Ask any vegan or vegetarian, and they’ll tell you: momentary pleasure makes a poor moral compass. Killing in the absence of need, for no better reason than transitory taste sensations, seems to many of us like an incredibly bad idea. People choose to follow a plant-based diet for numerous reasons, but one of the most commonly cited is compassion towards fellow creatures.
If we are going to commit to conscious eating, and embrace a diet that rejects killing for no better reason than random human whim, we need to pedal that bike all the way into the garage and reconsider our willingness to support the palm oil industry. Palm oil production causes tremendous death and destruction, and deserves no place at a compassionate table.
Death, Deforestation, and Denial
The problem is not new, but the escalating rate of species and habitat decimation is increasingly stomach-turning. Vegan foodies, conservationists and bloggers have voiced concern over the ethical implications of palm oil consumption for at least the last couple years. A 2010 post titled Earth Balance is not Vegan explores some of the reasons palm oil seems problematic, to some compassionate eaters.
If you still eat dairy, you may not realize how big a deal palm-oil-containing Earth Balance is, on the ‘hard-to-give-up’ list: it cooks like butter, and has been a longstanding magic favorite ingredient for vegan cupcakes, pie crusts, gravies, and all kinds of recipes where traditional cooks use butter.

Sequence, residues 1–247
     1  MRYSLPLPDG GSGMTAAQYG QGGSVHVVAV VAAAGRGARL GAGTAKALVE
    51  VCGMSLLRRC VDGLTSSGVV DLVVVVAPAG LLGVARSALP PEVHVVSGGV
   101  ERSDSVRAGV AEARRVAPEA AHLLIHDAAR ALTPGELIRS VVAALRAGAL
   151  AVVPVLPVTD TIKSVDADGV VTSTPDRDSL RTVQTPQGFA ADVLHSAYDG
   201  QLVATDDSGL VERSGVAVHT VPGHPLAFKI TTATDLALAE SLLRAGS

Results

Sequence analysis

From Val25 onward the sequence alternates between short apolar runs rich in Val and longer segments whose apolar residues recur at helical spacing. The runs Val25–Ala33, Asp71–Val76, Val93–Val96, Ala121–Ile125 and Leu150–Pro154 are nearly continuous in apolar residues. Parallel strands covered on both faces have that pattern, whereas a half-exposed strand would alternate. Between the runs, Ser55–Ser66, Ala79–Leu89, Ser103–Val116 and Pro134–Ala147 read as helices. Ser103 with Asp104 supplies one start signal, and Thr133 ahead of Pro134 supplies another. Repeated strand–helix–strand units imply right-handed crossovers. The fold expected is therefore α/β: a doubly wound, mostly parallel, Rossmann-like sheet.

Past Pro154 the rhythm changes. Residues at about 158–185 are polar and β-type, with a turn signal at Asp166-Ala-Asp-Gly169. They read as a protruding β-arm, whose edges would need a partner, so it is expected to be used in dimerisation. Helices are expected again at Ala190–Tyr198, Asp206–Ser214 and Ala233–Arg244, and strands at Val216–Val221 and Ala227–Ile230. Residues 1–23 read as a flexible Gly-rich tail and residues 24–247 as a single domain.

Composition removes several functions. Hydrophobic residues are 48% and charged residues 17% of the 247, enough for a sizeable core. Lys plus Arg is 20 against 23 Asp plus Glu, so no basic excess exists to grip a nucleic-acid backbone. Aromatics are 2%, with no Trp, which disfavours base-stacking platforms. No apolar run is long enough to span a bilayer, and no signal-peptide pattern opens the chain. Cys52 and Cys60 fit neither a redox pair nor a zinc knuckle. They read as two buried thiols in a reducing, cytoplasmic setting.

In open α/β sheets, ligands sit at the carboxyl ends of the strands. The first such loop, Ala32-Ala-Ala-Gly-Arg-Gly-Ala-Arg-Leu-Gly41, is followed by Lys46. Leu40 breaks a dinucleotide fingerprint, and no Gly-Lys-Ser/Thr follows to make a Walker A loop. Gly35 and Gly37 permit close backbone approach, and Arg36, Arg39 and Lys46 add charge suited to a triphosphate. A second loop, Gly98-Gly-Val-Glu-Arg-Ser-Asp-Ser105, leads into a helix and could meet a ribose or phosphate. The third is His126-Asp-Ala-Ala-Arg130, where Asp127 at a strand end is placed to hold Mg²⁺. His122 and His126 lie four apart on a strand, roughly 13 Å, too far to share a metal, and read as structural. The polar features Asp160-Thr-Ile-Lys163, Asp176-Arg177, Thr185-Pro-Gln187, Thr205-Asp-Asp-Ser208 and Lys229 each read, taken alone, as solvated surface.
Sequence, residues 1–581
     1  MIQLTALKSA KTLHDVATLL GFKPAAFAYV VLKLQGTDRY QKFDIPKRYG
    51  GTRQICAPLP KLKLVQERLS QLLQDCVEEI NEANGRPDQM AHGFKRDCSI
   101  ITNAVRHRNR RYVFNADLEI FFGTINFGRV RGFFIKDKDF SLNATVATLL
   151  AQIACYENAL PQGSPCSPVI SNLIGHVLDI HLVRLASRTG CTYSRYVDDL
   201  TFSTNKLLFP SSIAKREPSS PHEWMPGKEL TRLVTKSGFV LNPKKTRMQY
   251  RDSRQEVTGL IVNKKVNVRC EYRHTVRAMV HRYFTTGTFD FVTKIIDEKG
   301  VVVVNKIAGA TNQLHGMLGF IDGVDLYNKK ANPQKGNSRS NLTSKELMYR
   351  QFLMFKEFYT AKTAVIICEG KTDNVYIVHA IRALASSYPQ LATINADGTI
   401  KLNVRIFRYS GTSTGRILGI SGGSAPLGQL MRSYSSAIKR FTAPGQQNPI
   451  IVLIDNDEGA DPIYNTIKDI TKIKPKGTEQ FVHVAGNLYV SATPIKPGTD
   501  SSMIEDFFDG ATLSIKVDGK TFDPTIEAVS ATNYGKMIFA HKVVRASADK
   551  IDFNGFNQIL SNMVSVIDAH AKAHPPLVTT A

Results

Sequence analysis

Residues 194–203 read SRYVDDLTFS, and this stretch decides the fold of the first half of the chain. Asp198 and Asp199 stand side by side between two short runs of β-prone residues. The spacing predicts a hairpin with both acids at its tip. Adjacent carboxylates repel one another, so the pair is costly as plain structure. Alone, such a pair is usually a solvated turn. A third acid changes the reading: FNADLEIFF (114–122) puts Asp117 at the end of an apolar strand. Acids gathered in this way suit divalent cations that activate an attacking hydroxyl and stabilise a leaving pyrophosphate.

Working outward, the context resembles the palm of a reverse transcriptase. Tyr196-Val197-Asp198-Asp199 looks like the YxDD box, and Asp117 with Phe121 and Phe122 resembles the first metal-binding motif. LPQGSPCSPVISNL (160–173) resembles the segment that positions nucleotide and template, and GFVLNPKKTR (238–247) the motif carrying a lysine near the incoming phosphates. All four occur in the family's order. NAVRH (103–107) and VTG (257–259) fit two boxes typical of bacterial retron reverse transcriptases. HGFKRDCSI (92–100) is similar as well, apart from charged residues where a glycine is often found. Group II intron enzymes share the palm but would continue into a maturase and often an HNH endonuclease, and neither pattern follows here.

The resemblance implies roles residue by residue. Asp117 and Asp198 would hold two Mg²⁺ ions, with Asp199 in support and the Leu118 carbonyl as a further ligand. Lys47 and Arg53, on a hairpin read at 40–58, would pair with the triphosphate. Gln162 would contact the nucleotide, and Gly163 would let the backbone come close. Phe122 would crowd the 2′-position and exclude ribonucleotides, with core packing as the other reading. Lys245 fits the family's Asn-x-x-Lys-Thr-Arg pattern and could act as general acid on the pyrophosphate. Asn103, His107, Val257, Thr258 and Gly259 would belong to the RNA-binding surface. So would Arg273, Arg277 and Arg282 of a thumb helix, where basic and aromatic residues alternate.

I admit it: I resisted. I cut palm oil consumption way down, after initially reading about the wildlife-decimating slash-and-burn rainforest destruction by palm plantations. An estimated 1 in 10 processed foods contain palm oil, and most of the time it was easy to just read package labels and leave those items out of my cart. But every now and then, I wanted cupcakes. I wanted creamy nooch-sauce for nachos or potatoes. I wanted flaky pie crusts.
I bought the Earth Balance.
Last week, I read some things that shamed me. According to ABC News,
Hundreds of critically endangered orangutans in western Indonesia could be wiped out by the year’s end if palm oil companies keep setting land-clearing fires in their peat swamp forests, conservationists warned Thursday.
“They are just barely hanging on,” Ian Singleton, conservation director of the Sumatran Orangutan Conservation Program, said of the Sumatran orangutans who live in the Tripa forest on the coast of Aceh province. “It is no longer several years away, but just a few months or even weeks before this iconic creature disappears.”
The fires set by palm plantations are burning orangutans and other rainforest species into oblivion. As a recent Reuters article reports,
Graham Usher, a member of the coalition [to save Tripa] and a landscape protection specialist, said satellite images showed forest fires had been burning in Tripa since last week, and if allowed to continue they could wipe out orangutans already forced onto the edge of remaining forests.
“If there is any prolonged dry spell, which is quite likely, there’s a very good chance that the whole piece of forest and everything in it, so that’s orangutans, sun bears, tigers, and all the other protected species in it, will disappear in a few weeks and will be gone permanently,” he told a news conference.